An important part of EMDR is the use of rapid, back-and-forth eye movement while focusing the mind on difficult memories or issues. This approach lessens the impact and power of those thoughts and traumas. Sometimes sound, called bilateral sound, or back and forth tapping takes the place of eye movement.
EMDR is a form of psychotherapy that requires training and supervised practice, but there is a part of EMDR that can serve as a self-help technique. However, it is not appropriate for people who might have trouble tolerating deep relaxation or increased awareness.
To get started, do the following:
Sit in a comfortable chair in a quiet place where you will not be disturbed. Think back to the circumstances that caused your current distress, and feel its negative emotions. Notice how you have thoughts about it, and also physical feelings.
While paying attention to the thoughts and feelings, move your eyes back and forth, left-right-left-right, somewhat quickly, for about twenty seconds . Remember to stay with your thoughts and feelings at the same time.
Stop the eye movements and take a few moments to notice any way that your experience of this issue has changed. Either the intensity will decrease, increase, stay the same, or change its theme somehow.
If the intensity has decreased, then you have found a way to make your issue less of a trigger. This means you are likely to approach the situation with more creativity and objectivity in the future, because you will have less of a negative charge connected with it.
If it has increased, then you need to decide if you are getting too uncomfortable and need to stop, pending getting professional help. After all, we are just talking about one ingredient of a more complete method.
If you like, you can repeat this technique a few times on your issue. Many people find that this creates a relaxed, meditative effect.
Once you feel that you are not triggered very much, see if it is easier to come up with some kind of improvement in how you approach the situation; an improvement that would bring out the best in you and your partner. Don't try too hard. Just see what ideas occur to you for now.
When this works, people are surprised to find that it changes their automatic reactions before they even realize it.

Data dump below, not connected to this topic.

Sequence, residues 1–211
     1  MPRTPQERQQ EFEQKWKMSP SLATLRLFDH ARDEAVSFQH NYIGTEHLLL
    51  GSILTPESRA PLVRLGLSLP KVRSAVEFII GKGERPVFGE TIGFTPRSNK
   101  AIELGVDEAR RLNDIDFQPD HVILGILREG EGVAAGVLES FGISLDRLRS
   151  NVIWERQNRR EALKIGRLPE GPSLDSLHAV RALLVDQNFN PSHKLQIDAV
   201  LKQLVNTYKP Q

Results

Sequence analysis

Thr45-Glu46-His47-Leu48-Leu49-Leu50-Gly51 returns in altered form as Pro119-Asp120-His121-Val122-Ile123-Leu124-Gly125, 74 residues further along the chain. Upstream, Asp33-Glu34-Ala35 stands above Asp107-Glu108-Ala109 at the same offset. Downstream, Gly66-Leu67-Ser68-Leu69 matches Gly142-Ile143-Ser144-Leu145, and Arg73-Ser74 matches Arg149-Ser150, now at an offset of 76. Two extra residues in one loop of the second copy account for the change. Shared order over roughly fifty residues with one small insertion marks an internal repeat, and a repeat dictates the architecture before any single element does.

It is important to remember that this is just a brief description of a part of EMDR, and that serious problems will need the help of a professional.
An alternative to eye movement is bilateral sound, such as UpLevel, found at Amazon.com. It creates a sort of sound "environment" for doing this kind of inner work.
For more on EMDR, visit: www.EMDR.com.
You may have already learned about self-help techniques or therapies that can eliminate problems like anxiety, fears, and compulsions very quickly. Methods like emotional freedom technique and EMDR are quite popular now. These methods somehow trigger our ability to "digest" our experiences and issues, so that they stop being stress triggers. They can even help us go beyond this, to turn these experiences into wisdom.
Many of the things we do are an attempt to turn our experiences into meaningful, productive memories. Funerals and wakes can help us come to terms with loss. At a funeral, we celebrate with others what someone's life means to us. Dreaming is a natural way to "process" the day's experiences and turn them into a web of understanding. You could say that we have both natural and "on purpose" ways to turn experience into wisdom and adversity into peace of mind.
Robert A. Yourell has coined a term for this, because no existing words really capture this. That word is shimmering. When you shimmer an issue, you, at the very least, turn it into a non-triggering thing. Better yet, you let it enrich you with wisdom and peace of mind.
The essence of shimmering is to mentally connect with an issue or troubling memory; to get into a positive, relaxed state; to activate both sides of the brain; and then, to focus on more aspects of the issue as they come up. You'll find this core technique in many methods, and those methods have different opinions about why this works. They also add on various things that may or may not be useful to you, like believing in chi (acupuncture meridian energy), as in emotional freedom technique.
Robert has worked with thousands of people as a therapist, and uses a number of approaches to shimmering, but his favorite way is to go beyond relaxation or de-triggering by expanding awareness. He does this with things like mindfulness meditation. He feels that shimmering is a key missing ingredient that will take stress management, self soothing, meditation, and even mind body medicine to a new level.
You can experience a free, guided mindfulness meditation with Robert Yourell's popular shimmer sound called UpLevel. It is a four-minute meditation that is deeply relaxing and provides the most basic shimmering skill. His full double album of talks and guided experiences is at www.Yourell.com
“Core Hurts” are childhood emotional wounds that each of us experienced while growing up. These emotional wounds were inflicted upon us (often unwittingly, but sometimes intentionally) by our parents, our siblings and other caretakers. When we engage in adult-love relationships or marriage, these core hurts can easily be activated by our spouse/partners, primarily because our spouse/partners often mirror many of the characteristics and behavioral tendencies of our parents and caretakers. When a core hurt is activated, the response usually starts with a feeling of hurt, but can rapidly escalate into frustration, disappointment, or anger. The escalation to frustration, disappointment or anger can happen so quickly and reflexively (literally in seconds), that we often do not even recognize that we are feeling hurt at all.